Utilization of porphyrin derivatives in aquaria

The invention relates to the utilization of photosensitizers for controlling algae and bacteria in aquaria, whereby compounds of the tetrapyrrol and tetraazopyrrol families having at least one positive charge are used as sensitizers.

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The present invention relates to the use of porphyrin derivatives for containing algae growth and controlling bacterial germs in aquaria.

Due to the growing demand for clean water at a time when its availability from natural sources is stagnant or decreasing, the development of methods for water processing has become increasingly important in the past decades. Numerous processes are already known aimed for example at eliminating bacterial contamination of water. Strong oxidizing agents such as hypohalogenites or permanganate are frequently used in the supply of potable water. Apart from these processes, methods such as the treatment of water with ozone or UV-radiation, which are aimed at preventing the water quality from being affected by added chemicals, are becoming increasingly significant.

However, such processes, which most of the time can only be carried out at a large scale and considerable technical expense, can generally not do justice to the requirements in the field of aquaria, where special demands to the applied water processing methods have to be met. While in conventional methods which are applied to free the treated water as completely as possible from microorganisms present therein there is the possibility of reprocessing the water prior to supplying it to the consumer, application in an aquarium requires a substance that can be used continuously and in situ without affecting the fauna and flora. In general, filtration systems are used to purify the aquarium water, wherein the filters mainly remove particulate impurities from the water (mechanical filtration). Additionally, chemical filters in the form of ion exchangers are often employed for controlling the ionic composition of the water. However, even the use of further chemically effective filtering substances such as for example activated carbon cannot always effectively prevent the occurrence and propagation of bacterial contaminants.

Controlling the water quality in an aquarium allows to prevent algae growth on the one hand and the occurrence of diseases in fish on the other hand. In particular in the case of bacterial diseases in fish, it is desirable to have an effective means at hand to counteract the spread of pathogens early on since sensitive fish species do not always respond successfully to medical treatments. The presence of numerous bacterial pathogens in water has been verified, including gram-positive rod-shaped and coccal bacteria, aeromonads, mycobacteria, gram-negative rod-shaped bacteria, vibrios and pseudomonads. The purposeful use of antibiotics against such bacteria cannot be initiated until first symptoms of the disease appear and additionally requires an exact identification of the pathogen. At that point, a propagation of the disease can no longer be prevented effectively.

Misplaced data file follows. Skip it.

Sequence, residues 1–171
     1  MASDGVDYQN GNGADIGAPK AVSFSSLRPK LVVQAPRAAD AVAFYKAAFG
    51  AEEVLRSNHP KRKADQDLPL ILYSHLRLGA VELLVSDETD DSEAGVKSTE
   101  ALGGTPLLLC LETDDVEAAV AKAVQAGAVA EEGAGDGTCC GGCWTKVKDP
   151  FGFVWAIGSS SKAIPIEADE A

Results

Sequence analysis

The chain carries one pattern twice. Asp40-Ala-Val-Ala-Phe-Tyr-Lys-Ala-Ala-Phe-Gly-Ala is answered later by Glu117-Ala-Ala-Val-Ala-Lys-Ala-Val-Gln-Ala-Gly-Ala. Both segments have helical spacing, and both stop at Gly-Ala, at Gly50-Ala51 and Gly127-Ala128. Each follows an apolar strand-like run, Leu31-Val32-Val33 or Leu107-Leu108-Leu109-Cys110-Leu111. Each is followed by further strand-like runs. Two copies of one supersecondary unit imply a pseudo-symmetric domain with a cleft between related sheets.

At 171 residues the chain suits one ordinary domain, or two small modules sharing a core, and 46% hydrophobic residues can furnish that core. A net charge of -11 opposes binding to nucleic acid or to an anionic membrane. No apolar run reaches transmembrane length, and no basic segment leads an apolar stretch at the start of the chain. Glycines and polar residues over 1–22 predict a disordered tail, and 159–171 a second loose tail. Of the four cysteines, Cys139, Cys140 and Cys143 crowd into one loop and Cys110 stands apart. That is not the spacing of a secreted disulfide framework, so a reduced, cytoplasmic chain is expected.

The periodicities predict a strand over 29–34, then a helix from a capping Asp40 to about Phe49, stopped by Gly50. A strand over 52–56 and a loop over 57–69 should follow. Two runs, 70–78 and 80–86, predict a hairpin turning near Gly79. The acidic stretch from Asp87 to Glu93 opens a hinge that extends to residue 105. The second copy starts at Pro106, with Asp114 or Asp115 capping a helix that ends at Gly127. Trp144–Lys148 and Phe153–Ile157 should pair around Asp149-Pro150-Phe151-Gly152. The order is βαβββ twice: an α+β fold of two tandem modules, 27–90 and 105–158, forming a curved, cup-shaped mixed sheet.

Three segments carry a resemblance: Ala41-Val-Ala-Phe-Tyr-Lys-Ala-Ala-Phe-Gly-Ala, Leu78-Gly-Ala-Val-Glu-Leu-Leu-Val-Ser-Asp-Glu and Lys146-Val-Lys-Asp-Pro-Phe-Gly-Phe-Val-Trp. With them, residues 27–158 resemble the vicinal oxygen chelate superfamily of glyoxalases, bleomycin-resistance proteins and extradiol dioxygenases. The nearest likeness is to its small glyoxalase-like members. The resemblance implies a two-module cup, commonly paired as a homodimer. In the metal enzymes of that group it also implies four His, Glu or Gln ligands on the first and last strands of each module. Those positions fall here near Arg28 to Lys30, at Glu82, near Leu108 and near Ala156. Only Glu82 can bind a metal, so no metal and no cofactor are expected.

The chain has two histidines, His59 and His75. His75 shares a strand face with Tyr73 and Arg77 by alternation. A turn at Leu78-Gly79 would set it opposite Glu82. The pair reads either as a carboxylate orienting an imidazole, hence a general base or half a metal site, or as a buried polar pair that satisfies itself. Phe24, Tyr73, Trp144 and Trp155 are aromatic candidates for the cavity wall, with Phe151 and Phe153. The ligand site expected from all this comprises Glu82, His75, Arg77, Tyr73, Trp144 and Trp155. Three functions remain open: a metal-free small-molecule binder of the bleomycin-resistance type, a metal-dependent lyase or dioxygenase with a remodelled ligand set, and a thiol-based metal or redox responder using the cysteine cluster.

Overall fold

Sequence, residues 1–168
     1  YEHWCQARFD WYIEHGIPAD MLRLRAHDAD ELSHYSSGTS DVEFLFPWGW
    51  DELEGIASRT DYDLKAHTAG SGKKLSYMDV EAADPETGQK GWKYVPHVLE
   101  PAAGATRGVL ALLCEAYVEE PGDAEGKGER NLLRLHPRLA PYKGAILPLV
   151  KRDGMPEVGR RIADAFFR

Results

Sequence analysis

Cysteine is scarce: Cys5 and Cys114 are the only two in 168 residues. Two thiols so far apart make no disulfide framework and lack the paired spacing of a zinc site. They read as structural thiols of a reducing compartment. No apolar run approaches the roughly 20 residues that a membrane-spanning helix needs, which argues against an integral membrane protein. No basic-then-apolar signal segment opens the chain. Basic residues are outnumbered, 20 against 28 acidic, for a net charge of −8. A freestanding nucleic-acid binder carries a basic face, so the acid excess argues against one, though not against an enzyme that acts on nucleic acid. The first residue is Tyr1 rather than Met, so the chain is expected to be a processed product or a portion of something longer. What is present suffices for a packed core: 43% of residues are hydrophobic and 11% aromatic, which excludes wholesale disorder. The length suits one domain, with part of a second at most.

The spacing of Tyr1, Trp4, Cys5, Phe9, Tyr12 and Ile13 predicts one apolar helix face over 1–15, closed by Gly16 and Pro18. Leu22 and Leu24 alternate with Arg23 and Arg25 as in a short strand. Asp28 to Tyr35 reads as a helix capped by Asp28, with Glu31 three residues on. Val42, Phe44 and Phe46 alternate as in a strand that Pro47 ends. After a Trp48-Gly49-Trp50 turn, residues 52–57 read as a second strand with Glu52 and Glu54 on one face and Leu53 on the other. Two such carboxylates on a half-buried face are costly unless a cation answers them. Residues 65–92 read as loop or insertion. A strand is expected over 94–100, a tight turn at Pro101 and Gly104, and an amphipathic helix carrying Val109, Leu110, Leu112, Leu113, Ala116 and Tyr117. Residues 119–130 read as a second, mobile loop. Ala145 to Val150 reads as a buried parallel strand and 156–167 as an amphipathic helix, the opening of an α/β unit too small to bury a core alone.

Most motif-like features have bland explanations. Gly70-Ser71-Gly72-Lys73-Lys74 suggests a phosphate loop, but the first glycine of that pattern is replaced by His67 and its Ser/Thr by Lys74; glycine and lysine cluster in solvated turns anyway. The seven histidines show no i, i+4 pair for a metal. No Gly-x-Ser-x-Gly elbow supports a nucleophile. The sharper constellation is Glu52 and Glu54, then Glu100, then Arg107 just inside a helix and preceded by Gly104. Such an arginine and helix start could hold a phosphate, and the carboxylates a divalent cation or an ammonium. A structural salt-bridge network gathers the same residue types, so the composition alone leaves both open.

Document DE-A-196 06 081 describes an application in a related field, namely the treatment of water in fish breeding plants wherein photosensitizers are used for disinfecting the water. However, contact of the fish with the sensitizers is prevented at great expense; the water is moved to a separate container for sterilization, irradiated and subsequently led back into the fish basins.

The object underlying the present invention is therefore the provision of an agent for controlling algae and bacterial germs in aquaria without the need for additional devices.

According to the present invention, this object is achieved by introducing at least one photosensitizer of the tetrapyrrol and/or tetraazopyrrol families having at least one positive charge into the water and subjecting it to electromagnetic radiation, preferably light. Although they are for example also known as stomach poisons for insects, the mentioned compounds can be added directly to the water in the aquarium without affecting the fish or the plants therein.

Due to their ability of catalyzing the formation of excited molecules upon irradiation, the use of such photosensitizers in the aquarium water can advantageously prevent the spread of monocellular or multicellular algae or bacteria in the aquarium.

Both gram-positive and gram-negative bacteria can successfully be controlled by the use of the sensitizers according to the present invention. In particular, however, compared to alternative processes, the method of the present invention offers the advantage that gram-negative bacteria, which are resistant to numerous other chemicals, can very effectively be controlled with the photosensitizers.

The term “photosensitizers” in the present invention denotes compounds which absorb electromagnetic radiation, preferably visible light, and are able to catalyze the formation of radicals and/or singlet oxygen from triplet oxygen under the influence of radiation. Tetrapyrrol and/or tetraazopyrrol compounds having at least one positively charged substituent (cationic photosensitizers) are suitable for use in the present invention. The type of substituent at the macrocyle is of secondary importance for the photochemical properties of the photosensitizers; they essentially influence their solubility properties. Thus, by purposefully introducing certain substituents, the desired solubility properties can be imparted to the photosensitizers while retaining the photochemical properties of the starting compound. A number of commercially available compounds suitable for this purpose are already at the disposal of the person skilled in the art.